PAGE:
3 reasons your lean efforts will fail, unless...

Many hospitals and clinics are using Lean tools in efforts to improve their performance, as the need to drive to greater value and efficiencies continues to increase.

Yet, only a few healthcare organizations have successfully embarked on their journey toward becoming Lean. Most healthcare organizations fail along the way, only to achieve limited and short-lived success, while leaving behind disillusionment with yet another failed management fad. Many organizations even established in-house teams staffed with Green Belts and Black Belts in Lean Six Sigma but to no avail. According to a somewhat dated Wall Street Journal article, about 60% of process improvement efforts fail, while other estimates of failure rates are somewhere between 50% and 90%. So what is causing such poor results when only a few healthcare organizations have been to demonstrate significant and lasting results with Lean and/or Six Sigma?

There are three fundamental reasons for why process improvement efforts based on Lean and/or Six Sigma fail.
- Lack of understanding
- Lack of commitment
- Lack of proper execution

This assessment may seem trivial but the path toward becoming an efficient, customer-centric, high-reliability and value-centric organization is anything but that. It is worth analyzing each of these three reasons in more detail.

Lack of understanding

The lack of understanding is especially problematic for Lean, a management philosophy and set of tools distilled and codified from the Toyota Production System and the Toyota Way. Consequently, the origins, foundation and principles of Lean are often misunderstood and, thus, not correctly applied. This is serious problem for all industries but especially for healthcare, where many believe that there is nothing to be learned from other industries. I recently read two blogs, one from Mark Graban and one from Christoph Roser that address the issue of what Lean really is. Its definition is not as clear-cut as many may think. Furthermore, Bruce Hamilton, a.k.a. the Old Lean Dude, recently posted a blog commenting on the fact that "we segment various aspects of continuous improvement in our attempt to break a big system down into digestible pieces". He goes on to say that we often forget to look at the whole thing, not just waste or some other aspect of Lean independent from the other Lean aspects. Because of the lack of understanding of Lean's history and foundation, there are many perceptions of what Lean is, most of which are incorrect or incomplete.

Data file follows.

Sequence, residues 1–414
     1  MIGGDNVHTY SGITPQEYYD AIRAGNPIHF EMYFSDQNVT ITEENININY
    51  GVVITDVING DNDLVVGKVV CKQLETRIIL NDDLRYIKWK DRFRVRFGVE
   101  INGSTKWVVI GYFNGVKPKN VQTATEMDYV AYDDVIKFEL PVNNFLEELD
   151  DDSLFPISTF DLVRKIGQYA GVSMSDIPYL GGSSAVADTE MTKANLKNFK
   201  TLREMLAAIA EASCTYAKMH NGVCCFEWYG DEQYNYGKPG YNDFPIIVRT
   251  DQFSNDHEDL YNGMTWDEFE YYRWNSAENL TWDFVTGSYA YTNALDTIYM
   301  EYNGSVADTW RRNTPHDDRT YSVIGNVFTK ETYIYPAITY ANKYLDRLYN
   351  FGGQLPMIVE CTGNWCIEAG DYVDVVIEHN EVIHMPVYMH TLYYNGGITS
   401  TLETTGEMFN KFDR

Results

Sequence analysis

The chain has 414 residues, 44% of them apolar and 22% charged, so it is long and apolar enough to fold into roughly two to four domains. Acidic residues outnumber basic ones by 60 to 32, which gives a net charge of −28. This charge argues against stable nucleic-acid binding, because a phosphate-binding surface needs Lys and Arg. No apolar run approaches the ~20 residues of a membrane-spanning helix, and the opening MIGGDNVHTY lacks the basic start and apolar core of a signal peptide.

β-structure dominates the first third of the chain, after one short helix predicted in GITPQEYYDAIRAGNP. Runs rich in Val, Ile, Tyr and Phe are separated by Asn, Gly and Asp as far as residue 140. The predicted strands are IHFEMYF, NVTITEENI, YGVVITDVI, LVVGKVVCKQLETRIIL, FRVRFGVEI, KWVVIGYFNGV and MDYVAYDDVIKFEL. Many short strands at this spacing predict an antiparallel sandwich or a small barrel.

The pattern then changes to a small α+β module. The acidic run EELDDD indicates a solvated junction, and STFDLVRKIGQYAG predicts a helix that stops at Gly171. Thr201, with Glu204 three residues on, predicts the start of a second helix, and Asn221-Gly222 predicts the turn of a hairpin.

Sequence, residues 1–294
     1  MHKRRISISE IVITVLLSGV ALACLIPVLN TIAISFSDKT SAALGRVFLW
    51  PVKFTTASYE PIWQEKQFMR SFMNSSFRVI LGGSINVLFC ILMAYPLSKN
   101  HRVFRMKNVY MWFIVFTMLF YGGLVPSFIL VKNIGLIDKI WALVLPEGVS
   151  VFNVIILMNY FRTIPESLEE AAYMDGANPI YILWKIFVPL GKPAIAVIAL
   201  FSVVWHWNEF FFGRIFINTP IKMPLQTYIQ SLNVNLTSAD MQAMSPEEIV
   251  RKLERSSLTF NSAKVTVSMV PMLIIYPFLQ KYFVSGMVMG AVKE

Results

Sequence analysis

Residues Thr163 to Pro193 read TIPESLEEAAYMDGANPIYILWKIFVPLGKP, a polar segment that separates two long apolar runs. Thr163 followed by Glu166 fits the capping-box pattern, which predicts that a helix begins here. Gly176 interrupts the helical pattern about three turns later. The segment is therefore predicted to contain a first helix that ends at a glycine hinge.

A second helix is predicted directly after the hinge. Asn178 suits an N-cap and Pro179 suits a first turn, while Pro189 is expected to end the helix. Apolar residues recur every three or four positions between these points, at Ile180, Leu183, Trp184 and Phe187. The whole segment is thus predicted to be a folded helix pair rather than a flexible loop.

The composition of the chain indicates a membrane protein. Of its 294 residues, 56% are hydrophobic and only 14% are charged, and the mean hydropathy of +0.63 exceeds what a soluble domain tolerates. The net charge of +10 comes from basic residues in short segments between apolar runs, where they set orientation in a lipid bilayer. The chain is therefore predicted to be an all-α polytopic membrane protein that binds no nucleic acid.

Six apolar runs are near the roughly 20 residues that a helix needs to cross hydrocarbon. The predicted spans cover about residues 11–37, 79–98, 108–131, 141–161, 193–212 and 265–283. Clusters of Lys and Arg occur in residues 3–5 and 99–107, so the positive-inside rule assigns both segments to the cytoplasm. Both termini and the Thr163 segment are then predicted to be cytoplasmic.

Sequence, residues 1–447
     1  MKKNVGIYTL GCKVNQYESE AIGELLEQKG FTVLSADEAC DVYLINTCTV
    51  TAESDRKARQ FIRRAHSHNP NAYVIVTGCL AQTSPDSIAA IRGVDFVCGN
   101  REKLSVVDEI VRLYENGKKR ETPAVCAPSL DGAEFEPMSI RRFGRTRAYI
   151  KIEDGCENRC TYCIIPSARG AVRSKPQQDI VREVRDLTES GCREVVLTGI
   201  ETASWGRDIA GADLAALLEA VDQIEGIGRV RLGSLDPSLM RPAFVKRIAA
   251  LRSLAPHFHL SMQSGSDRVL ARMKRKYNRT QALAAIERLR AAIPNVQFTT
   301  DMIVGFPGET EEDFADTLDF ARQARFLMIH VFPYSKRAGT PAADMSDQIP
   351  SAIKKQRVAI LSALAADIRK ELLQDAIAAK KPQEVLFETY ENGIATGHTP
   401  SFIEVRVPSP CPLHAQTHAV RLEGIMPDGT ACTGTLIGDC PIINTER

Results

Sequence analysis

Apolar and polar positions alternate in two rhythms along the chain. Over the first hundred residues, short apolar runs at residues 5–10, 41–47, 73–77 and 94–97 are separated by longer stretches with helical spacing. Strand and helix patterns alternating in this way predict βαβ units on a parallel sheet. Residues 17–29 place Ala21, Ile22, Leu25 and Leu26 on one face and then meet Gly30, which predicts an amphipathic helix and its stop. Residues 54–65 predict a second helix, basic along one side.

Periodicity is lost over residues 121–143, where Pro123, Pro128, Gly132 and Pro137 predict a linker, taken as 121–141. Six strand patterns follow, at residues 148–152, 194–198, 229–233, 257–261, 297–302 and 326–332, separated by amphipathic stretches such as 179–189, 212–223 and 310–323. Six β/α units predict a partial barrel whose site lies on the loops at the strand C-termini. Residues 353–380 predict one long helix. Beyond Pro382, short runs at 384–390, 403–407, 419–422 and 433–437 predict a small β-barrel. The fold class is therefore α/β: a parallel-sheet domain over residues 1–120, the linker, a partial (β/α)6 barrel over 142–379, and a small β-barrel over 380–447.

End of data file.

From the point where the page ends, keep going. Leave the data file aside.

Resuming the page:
First, many healthcare organizations embark on their Lean journey by focusing on the wrong things. Since Lean is usually associated with removing waste and doing more with less, the common and erroneous misperception is that Lean is only about reducing cost and increasing productivity. This misconception makes labor and supply costs easy targets, as they usually make up the bulk of a healthcare organization's operating expenses. Efforts to become Lean quickly fail when it becomes obvious to everyone on the frontlines that elimination of employees and/or reducing salaries and benefits is one of the main desired outcomes. Few will look forward to improving him or herself out of a job, so a cost reduction goal is a non-starter for becoming Lean.

Second, many efforts toward becoming Lean are pursued in a fragmented manner, leading to sub-optimization of individual departments, as opposed to optimization of the entire organization. All too often, I read proud accounts about how an individual laboratory, pharmacy, Emergency Department or Surgery Department has improved its performance through Lean. While these efforts are commendable and probably beneficial, they fail to take the physics of the entire healthcare enterprise into consideration. To use two analogies for clarification, the weakest link determines the strength of the entire chain and the narrowest section of a pipeline determines the flow rate of the entire pipeline.

We have all experienced the impact of bottlenecks on busy highways when the number of lanes drops from three to two or one due to a merge or accident. Traffic comes to a near standstill and all lanes start to back up. To make matters worse, these back ups persist long after the original cause has been removed.

Similarly, the greatest bottleneck in the healthcare delivery system determines patient throughput and/or information flow rates. Unfortunately, most Lean projects fail to take such health system-wide patient flow, workflow or information flow bottlenecks into account and may be trying to improve the performance of a non-bottleneck, which will hardly yield meaningful benefits. A successful pursuit of Lean depends, therefore, on looking at the entire healthcare organization and the interdependencies between departments and resources. These should not be optimized individually but, instead, optimization of patient throughput should focus on the organization as a whole.